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Friday, February 5, 2016

Realistic expectations are the key for a better experience

Our expectations play a very important role in our perception of the quality of the services we receive-in all industries.
One has to be realistic about what to expect in different markets and price ranges of services offered.

I’ll illustrate with examples.

I get my hair done (color,cut,style) every 5-6 weeks. There are literally hundreds of hair salons out there, but they all could be classed into 3 very distinctive groups:

-Low-cost/high volume
-Med-range
-High end

Low cost/high volume ones will often provide quite good end result, but often pay very little mind to decor/ambiance, would be located at somewhat “questionable” areas and will offer no frills (such as complimentary beverages, up-to-date magazines or head massages at the basin)

Mid-range would generally have a better decor and would be located in a nicer areas, would sometimes offer basic beverages and maybe a few other minor frills

High-end salons will look grand. They would aften have additional junior staff to greet you and generally serve you. They will have an array of refreshment on offer (such as barista coffee and even alcohol), sometimes snacks. Decor and fittings are top notch (like crystal chandelliers).

When I am in NZ, I am often time-poor, so getting my hair done becomes a chore. As a result, more often than not, I opt for a basic low price place I had found.

Here’s why: it is close to my apartment (lierally a few minute’s walk).
The lady who runs it (she is a one-woman shop) gets the job done and does it pretty quick (about 1.5 hr total).
No appointment is necessary, as usually I go there when she just opens and I am always able to get serviced.
On a few occasions I popped in during the day, the maximum wait was 20 min (which I spent taking a walk).
She only charges $85 for the works.
The place is tiny and, although clean enough, has definitely seen better days. It is located in a “so-so” part of Auckland (let’s put it that way: I keep my handbag on my lap at all times ;)).
Mags are cheap tabloids and are mostly dated several month prior.
The lady often breaks away from my service to greet/talk to another client or to answer the phone.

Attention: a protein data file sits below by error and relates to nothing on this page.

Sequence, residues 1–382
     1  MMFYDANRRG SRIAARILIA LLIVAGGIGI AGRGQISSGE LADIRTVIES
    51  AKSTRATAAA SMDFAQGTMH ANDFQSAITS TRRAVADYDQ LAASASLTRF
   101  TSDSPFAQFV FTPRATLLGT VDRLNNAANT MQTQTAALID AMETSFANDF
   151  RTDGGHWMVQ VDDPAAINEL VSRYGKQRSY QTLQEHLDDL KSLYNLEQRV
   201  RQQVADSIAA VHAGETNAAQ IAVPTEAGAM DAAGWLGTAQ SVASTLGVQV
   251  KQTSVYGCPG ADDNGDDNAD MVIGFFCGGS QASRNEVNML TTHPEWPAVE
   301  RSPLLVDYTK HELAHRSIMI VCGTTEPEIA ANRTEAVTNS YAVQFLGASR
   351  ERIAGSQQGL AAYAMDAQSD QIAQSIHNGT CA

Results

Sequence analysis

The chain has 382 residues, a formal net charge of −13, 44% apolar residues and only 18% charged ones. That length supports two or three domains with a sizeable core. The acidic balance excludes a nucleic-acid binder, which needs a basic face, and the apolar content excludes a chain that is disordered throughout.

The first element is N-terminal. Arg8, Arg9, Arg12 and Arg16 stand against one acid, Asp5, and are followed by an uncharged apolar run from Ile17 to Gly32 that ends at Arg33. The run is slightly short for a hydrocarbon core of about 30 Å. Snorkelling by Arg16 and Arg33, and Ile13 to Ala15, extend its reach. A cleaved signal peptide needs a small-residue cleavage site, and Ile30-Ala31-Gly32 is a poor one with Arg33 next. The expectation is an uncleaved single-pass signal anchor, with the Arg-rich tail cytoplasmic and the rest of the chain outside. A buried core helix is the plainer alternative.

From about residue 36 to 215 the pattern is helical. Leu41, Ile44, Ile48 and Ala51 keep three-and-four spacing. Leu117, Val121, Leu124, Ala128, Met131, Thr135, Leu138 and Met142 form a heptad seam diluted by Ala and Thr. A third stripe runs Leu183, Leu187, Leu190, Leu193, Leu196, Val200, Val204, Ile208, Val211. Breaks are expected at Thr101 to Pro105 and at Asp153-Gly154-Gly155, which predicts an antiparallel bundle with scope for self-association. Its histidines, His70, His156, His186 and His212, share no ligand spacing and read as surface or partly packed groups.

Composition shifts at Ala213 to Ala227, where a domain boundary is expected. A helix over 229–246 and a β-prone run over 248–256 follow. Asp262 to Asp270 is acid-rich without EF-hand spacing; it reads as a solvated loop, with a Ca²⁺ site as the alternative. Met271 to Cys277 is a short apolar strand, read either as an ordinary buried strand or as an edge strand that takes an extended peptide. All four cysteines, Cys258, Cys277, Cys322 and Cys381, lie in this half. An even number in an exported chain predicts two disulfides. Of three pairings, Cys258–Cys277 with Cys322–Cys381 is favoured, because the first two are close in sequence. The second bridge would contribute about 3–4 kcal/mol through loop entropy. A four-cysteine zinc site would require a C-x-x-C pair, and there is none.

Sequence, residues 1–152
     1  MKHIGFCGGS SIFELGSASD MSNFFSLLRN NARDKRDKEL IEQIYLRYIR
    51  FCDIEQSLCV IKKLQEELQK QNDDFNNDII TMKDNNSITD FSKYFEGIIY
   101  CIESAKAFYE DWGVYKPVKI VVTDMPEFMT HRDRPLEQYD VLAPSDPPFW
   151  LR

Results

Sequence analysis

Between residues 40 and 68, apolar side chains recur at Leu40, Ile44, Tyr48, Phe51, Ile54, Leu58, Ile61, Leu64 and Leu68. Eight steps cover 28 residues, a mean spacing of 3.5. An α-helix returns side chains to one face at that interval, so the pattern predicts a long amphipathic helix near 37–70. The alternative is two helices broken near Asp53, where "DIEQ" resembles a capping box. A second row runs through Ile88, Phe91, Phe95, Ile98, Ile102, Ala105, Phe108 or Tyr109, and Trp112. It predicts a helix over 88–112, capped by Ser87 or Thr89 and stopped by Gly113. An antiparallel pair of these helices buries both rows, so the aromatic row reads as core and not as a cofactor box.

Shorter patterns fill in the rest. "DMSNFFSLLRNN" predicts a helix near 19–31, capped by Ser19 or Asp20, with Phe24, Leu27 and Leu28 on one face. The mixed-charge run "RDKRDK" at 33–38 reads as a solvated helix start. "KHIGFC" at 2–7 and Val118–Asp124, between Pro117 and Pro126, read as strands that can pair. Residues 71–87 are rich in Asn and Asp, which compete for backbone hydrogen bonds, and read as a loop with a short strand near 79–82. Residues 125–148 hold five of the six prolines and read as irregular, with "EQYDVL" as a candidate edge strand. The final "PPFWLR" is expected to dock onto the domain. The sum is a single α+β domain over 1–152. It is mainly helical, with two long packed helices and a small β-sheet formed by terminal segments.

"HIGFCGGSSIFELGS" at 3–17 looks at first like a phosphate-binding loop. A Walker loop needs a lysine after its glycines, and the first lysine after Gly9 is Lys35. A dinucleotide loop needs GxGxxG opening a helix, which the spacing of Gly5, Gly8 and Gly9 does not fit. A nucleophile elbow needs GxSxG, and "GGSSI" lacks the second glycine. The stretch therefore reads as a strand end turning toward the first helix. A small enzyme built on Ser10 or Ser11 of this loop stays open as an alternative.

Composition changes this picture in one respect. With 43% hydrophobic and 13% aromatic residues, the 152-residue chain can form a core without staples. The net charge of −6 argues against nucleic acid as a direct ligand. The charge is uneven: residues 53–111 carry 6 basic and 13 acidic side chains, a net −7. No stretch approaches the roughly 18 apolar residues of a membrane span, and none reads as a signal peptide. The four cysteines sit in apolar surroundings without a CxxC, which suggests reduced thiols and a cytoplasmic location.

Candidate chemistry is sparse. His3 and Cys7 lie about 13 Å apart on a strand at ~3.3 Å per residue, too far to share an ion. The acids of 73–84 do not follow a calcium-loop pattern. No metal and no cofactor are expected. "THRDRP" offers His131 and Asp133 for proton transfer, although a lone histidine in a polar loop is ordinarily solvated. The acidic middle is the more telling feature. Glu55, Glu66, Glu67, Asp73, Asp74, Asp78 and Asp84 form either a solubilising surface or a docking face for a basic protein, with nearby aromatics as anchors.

She does make me instant coffeee which comes in a chipped old mug :).

HOWEVER,  when I go there, my one and only aim is to get my hair done (and quick). I do NOT expect any pampering and understand that $85 (or less)/pop services will not let the owner buy crystal chandelliers or update the decor.
As a result of these *realistic* expectations I always leave that place very satisfied.

When I am on a holiday, it’s a different game altogether: I have plenty of time and look to be pampered. I am looking for a total experience.
I usually book into upmarket salons.
In Bangkok especially, those are fantastic (BTW, they are decidedly NOT cheap-to get the same service done it costs me about $250 there).
The settings are lavish. The staff is plentiful and is eager to please. They have that month’s Vogue and other premium publications available. Shampoo takes about 15 min due to the extensive head massage given. Often you also receive a foot massage at the same time.
An array of beverages is on offer as well as light snacks. The service is top-notch. The service takes about 3 hours altogether.

In places like that I certainly expect the full attention. I would not be happy if the stylist broke off in the middle of my service or I didn’t receive my massage. Expectations are high-to match the prices charged.
But they are still within reason: I never go to these places expecting something extraordinary: I know what the service entailes and that’s all I want.

It would be quite unreasonable for me to expect Crystal Champagne accompanied by black caviar to be served in such places or having my nails done at no extra charge when all I’ve paid for was hair services.

Another good example are airlines. New Emirates commercial featuring Jennifer Aniston made me think of that.
It starts with Jennifer walking down the isle in what is *obviously* coach class of some airline in a bathrobe with a towel and asking the flight attendants where the shower is. When they inform her that there are no showers, she tells them that  she’d “look silly” dressed like that going to the bar.